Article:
Bulletin – More Top Lawyers Break Through $1,000 Hourly Billing Barrier!

A report in the February 23, 2011, on-line edition of the ABA Journal recounts the upward number of lawyers who are now billing at over $1,000 per hour.  http://www.abajournal.com/weekly/article/more_top_lawyers_break_through_1000_hourly_billing_barrier?utm_source=maestro&utm_medium=email&utm_campaign=weekly_email

Interestingly (but not surprising), all of the lawyers named in the report do corporate law work.  Topping the list is a “corporate lawyer” who bills at $1,250 an hour.  This reminds me that when I first started practicing 37 years ago, I was billed at $25 an hour.  (Many people did say I was overpaid at that rate!)  I was lucky if I made $1,250 a month.

In doing legal bill review work for insurance companies, I do not see too many legal bills from large law firms that do “corporate” legal work.  However, I do get to see some from time to time when I do work for corporations or high net worth individuals who have hired a large law firm.  What I do see in legal bills from large law firms often “boggles the mind and staggers the imagination” as an old boss of mine used to say.

Forget about the high rates.  What I see are things in legal bills from large law firms that are clearly unethical as well as contrary to well settled case law.  Is there anyone out there who really believes a lawyer can work 18+ hour days or that you should pay paralegals $250 an hour just to upload documents into the firm’s database or pay a clerk $160 an hour to deliver documents?

Why do these lawyers bill like this?  Well, it’s easy to see.  It is because their corporate clients let them get away with doing it.

This is why I find it amusing, if not ironic that many in the corporate legal community are at the forefront of the movement to  alternative legal fees as if AFAs will lower their legal costs.   I have a message for those in the corporate legal community who are pushing AFAs as if AFAs alone will lower their legal costs:   just do a better job in reviewing your legal bills before you pay them!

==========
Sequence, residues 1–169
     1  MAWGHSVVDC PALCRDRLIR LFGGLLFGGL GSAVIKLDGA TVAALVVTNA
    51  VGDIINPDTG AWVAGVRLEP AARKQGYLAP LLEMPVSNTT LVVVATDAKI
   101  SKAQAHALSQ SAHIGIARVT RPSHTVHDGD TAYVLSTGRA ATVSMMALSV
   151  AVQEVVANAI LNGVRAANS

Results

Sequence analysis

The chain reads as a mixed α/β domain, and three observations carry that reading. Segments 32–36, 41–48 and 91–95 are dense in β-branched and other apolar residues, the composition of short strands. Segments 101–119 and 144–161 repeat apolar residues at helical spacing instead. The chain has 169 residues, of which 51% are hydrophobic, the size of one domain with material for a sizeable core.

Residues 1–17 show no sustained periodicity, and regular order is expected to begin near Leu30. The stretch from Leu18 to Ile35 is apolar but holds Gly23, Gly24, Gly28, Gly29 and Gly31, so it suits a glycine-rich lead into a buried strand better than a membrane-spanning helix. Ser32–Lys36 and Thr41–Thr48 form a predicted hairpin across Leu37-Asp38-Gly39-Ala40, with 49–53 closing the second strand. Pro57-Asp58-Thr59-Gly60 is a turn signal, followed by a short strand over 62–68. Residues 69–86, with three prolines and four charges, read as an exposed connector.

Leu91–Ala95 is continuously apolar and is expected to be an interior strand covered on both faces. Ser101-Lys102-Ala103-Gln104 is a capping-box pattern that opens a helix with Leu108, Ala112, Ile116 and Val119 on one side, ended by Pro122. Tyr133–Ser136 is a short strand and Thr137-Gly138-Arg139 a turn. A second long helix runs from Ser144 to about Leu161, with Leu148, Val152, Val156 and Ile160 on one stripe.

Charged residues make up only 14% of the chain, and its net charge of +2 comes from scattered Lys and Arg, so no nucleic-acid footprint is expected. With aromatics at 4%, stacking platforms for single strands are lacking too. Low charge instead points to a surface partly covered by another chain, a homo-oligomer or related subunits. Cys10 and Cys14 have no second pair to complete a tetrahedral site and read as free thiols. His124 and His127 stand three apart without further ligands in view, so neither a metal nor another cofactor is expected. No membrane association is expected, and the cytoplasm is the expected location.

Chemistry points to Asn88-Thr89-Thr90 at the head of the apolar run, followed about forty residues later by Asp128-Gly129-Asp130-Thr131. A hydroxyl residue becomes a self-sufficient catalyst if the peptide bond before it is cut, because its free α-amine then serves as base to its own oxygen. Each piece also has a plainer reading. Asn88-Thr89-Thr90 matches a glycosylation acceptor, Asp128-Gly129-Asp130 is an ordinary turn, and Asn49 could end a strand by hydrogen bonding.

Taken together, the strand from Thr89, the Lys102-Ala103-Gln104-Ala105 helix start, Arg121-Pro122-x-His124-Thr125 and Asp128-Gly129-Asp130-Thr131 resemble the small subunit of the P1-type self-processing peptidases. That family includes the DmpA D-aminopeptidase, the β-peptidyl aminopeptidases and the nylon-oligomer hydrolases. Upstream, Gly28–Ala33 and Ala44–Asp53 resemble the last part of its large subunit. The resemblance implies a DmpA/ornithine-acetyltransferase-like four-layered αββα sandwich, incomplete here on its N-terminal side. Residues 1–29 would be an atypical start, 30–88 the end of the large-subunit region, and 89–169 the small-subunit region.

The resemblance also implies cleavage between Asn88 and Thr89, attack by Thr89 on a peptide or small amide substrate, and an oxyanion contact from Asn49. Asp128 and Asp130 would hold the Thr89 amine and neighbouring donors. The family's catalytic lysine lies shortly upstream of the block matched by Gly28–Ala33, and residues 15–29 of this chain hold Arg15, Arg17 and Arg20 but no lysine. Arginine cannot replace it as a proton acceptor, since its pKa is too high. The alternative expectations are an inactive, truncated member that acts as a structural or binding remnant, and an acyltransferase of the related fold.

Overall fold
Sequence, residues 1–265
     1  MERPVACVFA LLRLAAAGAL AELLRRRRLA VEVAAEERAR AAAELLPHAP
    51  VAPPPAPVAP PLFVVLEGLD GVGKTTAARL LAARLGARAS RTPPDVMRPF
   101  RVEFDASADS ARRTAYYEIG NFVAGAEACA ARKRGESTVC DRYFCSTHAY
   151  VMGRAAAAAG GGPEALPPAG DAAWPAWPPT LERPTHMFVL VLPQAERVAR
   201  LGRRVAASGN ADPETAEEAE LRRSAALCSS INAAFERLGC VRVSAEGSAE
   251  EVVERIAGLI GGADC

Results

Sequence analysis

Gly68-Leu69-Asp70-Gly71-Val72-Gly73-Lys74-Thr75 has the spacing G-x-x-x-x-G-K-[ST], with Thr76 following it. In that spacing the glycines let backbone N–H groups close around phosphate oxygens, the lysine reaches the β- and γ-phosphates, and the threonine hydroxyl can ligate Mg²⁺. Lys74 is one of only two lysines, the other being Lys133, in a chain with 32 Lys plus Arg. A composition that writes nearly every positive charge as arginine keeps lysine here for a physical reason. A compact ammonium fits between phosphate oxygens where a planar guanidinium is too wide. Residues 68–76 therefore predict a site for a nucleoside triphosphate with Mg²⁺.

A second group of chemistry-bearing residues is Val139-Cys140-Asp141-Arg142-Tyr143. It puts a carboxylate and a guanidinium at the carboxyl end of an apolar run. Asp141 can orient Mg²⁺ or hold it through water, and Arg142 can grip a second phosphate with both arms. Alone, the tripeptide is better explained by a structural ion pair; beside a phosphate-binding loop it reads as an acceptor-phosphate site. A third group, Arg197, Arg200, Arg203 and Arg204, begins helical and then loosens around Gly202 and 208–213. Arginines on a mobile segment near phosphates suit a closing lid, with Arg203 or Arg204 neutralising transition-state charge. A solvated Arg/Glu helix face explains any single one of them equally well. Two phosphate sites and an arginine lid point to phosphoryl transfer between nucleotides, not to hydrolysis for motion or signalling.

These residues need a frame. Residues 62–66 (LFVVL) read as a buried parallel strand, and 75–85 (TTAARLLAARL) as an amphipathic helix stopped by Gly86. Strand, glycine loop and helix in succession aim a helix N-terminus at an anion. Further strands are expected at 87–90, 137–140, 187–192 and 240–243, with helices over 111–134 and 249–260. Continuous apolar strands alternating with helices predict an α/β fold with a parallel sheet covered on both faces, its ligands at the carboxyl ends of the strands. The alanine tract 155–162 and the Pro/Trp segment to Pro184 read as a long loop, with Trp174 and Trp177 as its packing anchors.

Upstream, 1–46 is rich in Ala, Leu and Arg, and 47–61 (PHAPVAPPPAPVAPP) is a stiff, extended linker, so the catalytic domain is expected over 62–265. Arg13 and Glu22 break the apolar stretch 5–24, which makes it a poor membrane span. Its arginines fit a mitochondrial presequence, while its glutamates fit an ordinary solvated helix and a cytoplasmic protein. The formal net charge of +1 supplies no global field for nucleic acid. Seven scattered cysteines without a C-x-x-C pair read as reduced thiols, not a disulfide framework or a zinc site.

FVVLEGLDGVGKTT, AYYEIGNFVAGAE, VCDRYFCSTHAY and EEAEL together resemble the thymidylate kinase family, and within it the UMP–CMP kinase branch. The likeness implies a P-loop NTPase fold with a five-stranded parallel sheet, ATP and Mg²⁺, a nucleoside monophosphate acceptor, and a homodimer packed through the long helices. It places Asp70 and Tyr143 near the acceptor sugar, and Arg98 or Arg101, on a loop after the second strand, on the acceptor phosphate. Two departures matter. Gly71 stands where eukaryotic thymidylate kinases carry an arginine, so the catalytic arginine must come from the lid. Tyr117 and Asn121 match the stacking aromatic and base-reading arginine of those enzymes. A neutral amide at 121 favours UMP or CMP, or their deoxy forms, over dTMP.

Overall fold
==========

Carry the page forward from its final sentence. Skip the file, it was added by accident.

4 thoughts on “Bulletin – More Top Lawyers Break Through $1,000 Hourly Billing Barrier!

  1. Interesting thoughts. I think we can devide these corporations (e.g. insureds) into those who care what th firms charge (due to sir’s deductibles etc) and those who just want the big name firms as their defense counsel. I ahve been outraged by defense firms who state openly that they will charge whatever thye want and the carrier will have to pay it. Deduct anything from their bills? forget it. You will be inundated with calls form the insured, risk managers, brokers and the like. Thi sissue presents very thorny issues that at times are very difficult to resolve shy of a dj

  2. Guy, I often do see independent or insured chosen counsel bills. While I agree that it is sometimes difficult from a business standpoint as you note to take appropriate deductions in their bills, the law and ethics of the profession are on the side of those insurers who choose to make appropriate deductions. For example, I do not read anywhere in ABA Rules of Prof. Conduct where independent or insured chosen counsel get a free pass from complying with the ethics of the legal profession when it comes to billing for legal fees. Also the U.S. Supreme Court has made clear that “hours not properly billed to one’s client are not properly billed to one’s adversary.” Hensley v. Eckerhart 461 U.S. 424, 457 (1985). Fortunately, most insurers that I deal with do choose to stand their ground when it comes to taking appropriate deductions in legal bills from independent or insured chosen counsel.

  3. I understand your point, however, I think the situation you describe is more of an aberration. I think all will agree that the real world of most contingency fee lawyers is that for every million dollar case involving a few hours of work there are tens of thousands of others that settle every day under ten thousand dollars or for nothing. I also think the same point can be made about lawyers who undertake matters on a flat fee basis. Sometimes they come out ahead when measuring their flat fee against the market hourly rates and sometimes they come out behind. Overall, they are probably somewhere in the middle or else why would it be cost effective for the client or the lawyer?

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